Fisher Investments’ CEO and founder Ken Fisher was interviewed in ThinkAdvisor about his view of annuities — and in particular, why he has a particularly low opinion of variable annuities.
Recently, Fisher Investments’ CEO and founder Ken Fisher was interviewed in ThinkAdvisor about his view of annuities — and in particular, why he has a particularly low opinion of variable annuities, whereby the annuity owner invests his or her premiums in mutual fund-like subaccounts before converting the account to a guaranteed income stream at retirement.
Ken’s public stance on this is relatively uncommon in the industry. Many professionals know and understand these products’ extreme limitations — namely, that they are ultra-high fee, low returning and generally sold as a means of providing the investor the impossible: growth with capital preservation. Yet few step right out and say it publicly.
Now then, part of the interview delves into various ongoing efforts by the likes of the Department of Labor (DOL) and other regulatory bodies to enact a uniform Fiduciary Standard across the financial services industry. Currently, only Registered Investment Advisers (like Fisher Investments) are held to the Fiduciary Standard, an SEC rule requiring the adviser to put clients’ interests before their own and disclose any known conflicts of interest. Other financial professionals, including brokers and insurance salespeople, are held to the suitability standard, which says products pitched to people must not be unsuitable for their investment situation.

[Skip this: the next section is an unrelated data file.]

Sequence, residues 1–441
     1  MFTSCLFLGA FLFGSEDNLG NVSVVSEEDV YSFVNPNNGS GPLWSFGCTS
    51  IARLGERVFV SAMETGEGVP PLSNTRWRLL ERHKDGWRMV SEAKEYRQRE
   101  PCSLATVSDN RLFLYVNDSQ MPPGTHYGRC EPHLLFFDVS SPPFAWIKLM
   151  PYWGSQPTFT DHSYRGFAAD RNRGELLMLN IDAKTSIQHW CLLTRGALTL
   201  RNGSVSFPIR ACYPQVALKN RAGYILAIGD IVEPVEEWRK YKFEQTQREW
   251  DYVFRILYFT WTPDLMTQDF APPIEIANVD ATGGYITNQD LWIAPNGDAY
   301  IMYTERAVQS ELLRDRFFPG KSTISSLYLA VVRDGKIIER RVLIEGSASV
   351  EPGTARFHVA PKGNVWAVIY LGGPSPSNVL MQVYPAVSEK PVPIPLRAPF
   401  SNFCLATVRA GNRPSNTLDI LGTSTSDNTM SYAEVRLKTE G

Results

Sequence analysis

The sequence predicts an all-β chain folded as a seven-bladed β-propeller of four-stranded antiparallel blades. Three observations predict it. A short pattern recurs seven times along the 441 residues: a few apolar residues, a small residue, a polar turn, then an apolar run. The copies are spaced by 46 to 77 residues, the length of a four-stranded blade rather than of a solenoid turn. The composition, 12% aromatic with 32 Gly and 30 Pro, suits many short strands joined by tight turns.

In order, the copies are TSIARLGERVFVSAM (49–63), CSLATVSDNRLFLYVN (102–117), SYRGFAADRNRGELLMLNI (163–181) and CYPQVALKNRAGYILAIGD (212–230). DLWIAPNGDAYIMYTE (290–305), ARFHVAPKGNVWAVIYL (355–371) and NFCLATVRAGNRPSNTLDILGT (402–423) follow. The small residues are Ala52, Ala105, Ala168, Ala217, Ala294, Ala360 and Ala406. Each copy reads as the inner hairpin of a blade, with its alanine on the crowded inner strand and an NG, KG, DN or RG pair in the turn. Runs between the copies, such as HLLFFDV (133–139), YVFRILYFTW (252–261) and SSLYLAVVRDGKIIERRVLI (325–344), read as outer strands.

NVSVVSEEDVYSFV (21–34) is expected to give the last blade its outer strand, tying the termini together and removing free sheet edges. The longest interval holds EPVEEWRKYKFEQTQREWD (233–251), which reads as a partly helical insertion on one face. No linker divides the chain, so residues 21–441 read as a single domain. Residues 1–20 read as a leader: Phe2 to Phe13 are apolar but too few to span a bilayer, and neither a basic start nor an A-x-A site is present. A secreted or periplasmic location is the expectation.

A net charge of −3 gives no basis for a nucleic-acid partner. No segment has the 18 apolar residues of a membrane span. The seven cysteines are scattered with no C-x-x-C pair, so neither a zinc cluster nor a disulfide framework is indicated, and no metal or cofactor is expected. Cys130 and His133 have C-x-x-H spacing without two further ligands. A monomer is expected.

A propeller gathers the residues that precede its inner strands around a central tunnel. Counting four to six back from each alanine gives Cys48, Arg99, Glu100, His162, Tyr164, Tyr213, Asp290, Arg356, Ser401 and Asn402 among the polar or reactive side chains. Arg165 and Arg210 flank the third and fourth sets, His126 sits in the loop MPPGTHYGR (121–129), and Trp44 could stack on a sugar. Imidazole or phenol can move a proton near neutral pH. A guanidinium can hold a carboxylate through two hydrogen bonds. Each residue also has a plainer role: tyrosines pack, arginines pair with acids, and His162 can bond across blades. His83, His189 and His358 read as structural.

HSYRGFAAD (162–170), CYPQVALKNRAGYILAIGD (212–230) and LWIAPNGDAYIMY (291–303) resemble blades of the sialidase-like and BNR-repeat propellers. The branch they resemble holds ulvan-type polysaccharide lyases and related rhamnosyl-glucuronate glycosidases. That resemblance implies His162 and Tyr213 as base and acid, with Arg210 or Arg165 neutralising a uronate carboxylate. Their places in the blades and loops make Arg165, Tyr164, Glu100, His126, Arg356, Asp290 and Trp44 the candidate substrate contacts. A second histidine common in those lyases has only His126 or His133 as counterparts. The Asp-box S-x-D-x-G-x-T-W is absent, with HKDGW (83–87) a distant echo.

The effort to install a blanket Fiduciary Standard has been underway in the bowels of government for years—2010’s Dodd-Frank Wall Street Reform Act mandated the SEC to study installing one for all financial professionals. When they dragged their feet, the Department of Labor put forward its own proposal to install a Fiduciary Standard for all financial professionals advising retirement accounts. That rule, currently under further consideration, comment and study, is the one Ken specifically refers to. Ken suggested a hard and fast Fiduciary rule, if enacted, would largely gut the variable annuity industry. But he went on to note lobbying efforts by the insurance and brokerage industries will prevent a hard and fast fiduciary standard from covering all relationships, permitting the sale of the variable annuities. Let’s put a finer point on this issue and expand.